Community message following Minnesota verdict

Our thoughts and prayers continue to be with the loved ones of George Floyd as they have endured the unthinkable. 

This tragic and unnecessary death must become a seminal event for law enforcement in the United States. The profession should take notice and reaffirm its commitment to change by:  

  • Instilling the principles of procedural justice in our core training. 
  • Hiring officers who exemplify values of integrity, respect, responsibility, discovery, excellence, and community in their everyday work. 
  • Developing more effective processes to remove officers demonstrating disciplinary problems from our ranks. 
  • Hiring officers who want to serve as protectors of all community members and work alongside community members to solve problems together. 
  • Requiring all officers to be dedicated to the preservation of life for all and intervene when another officer is using excessive force.  

UPPS also reaffirms its commitment to the principles of procedural justice, by insisting that all our officers: 

  • Demonstrate fairness in our processes. 
  • Create opportunities for everyone’s voice to be heard. 
  • Embrace transparency in what we do, and how we do it. 
  • Insist on impartiality in decision making. 

Words alone are not sufficient. We must reaffirm our commitment to building trust and legitimacy through our actions, particularly with members of the Black and African American community. UPPS will: 

  • Continue to engage our communities and remain invested and supportive of our community policing efforts and initiatives, including by serving on the Penn State Task Force on Policing and Communities of Color and supporting the task force’s pending recommendations.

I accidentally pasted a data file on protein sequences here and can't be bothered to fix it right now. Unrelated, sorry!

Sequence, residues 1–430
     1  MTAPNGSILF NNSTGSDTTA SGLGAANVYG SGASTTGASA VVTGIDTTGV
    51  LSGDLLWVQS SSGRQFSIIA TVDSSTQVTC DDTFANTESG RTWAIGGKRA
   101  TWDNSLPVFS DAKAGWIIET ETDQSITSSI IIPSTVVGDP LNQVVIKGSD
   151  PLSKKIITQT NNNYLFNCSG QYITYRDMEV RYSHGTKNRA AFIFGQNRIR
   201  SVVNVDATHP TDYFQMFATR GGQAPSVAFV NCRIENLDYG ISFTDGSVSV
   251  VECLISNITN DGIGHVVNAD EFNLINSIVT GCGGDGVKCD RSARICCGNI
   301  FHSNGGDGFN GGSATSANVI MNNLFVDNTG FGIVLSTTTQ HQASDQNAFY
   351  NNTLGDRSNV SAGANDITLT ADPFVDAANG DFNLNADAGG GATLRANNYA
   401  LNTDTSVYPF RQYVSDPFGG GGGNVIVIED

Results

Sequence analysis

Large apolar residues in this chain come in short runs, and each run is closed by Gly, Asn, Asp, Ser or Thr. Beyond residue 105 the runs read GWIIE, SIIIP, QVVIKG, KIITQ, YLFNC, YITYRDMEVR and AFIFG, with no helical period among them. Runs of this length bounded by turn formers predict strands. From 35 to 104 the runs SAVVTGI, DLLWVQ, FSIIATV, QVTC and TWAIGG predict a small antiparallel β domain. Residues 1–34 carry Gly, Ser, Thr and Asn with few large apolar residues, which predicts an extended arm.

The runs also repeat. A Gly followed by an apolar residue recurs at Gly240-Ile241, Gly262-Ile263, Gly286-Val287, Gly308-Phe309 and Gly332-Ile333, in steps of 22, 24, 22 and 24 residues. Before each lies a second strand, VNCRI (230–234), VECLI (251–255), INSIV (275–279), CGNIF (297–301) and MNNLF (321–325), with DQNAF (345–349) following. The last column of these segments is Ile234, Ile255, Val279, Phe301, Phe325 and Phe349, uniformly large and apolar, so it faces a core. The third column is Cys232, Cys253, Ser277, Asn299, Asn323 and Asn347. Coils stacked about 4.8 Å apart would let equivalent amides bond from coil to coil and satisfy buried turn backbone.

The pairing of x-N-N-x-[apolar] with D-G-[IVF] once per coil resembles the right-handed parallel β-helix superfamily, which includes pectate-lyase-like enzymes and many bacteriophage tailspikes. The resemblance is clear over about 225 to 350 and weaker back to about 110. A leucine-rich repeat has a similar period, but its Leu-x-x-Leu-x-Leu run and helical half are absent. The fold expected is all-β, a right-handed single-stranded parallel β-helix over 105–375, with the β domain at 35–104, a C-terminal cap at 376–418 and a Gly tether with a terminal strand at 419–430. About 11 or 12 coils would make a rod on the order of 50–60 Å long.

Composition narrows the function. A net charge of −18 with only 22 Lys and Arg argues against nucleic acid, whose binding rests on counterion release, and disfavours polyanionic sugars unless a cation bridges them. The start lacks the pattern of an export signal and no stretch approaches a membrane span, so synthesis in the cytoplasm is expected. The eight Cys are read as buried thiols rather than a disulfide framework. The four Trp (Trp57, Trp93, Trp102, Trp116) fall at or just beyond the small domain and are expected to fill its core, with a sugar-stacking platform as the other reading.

• Continue to implement actions and programming that will help UPPS become a more diverse, equitable and inclusive organization in part by modifying our recruitment efforts and hiring qualifications to broaden our applicant pool.  
  • Continue to serve on the Penn State Restorative Practices Task Group with faculty and staff members to help guide the University’s efforts and commitment to restorative practices. 
  • Continue our commitment to transparency and accountability by working with Penn State leaders to establish a broadly focused University Police and Public Safety Advisory Group. This advisory group will provide valuable input and feedback to UPPS.  

Preservation of life is the most sacred responsibility a law enforcement officer holds. The loss of George Floyd was preventable, and we know that his death has caused community members to question whether police officers are truly their protectors. There is much work to be done in building trust and legitimacy with all in our community.  

If you want to share your thoughts, feel free to reach out to me at [email protected] or Iris Richardson, our director of diversity, equity and inclusion, at [email protected]. You can report hate crimes, or ethnic intimidation, by calling 911 or anonymously using our online form. You can also report a bias incident that occurred at Penn State by using the University’s online form. As always, Penn State Counseling and Psychological Services (CAPS) is available to students and the Employee Assistance Program is available to Penn State employees.  

Charlie Noffsinger, associate vice president for University Police and Public Safety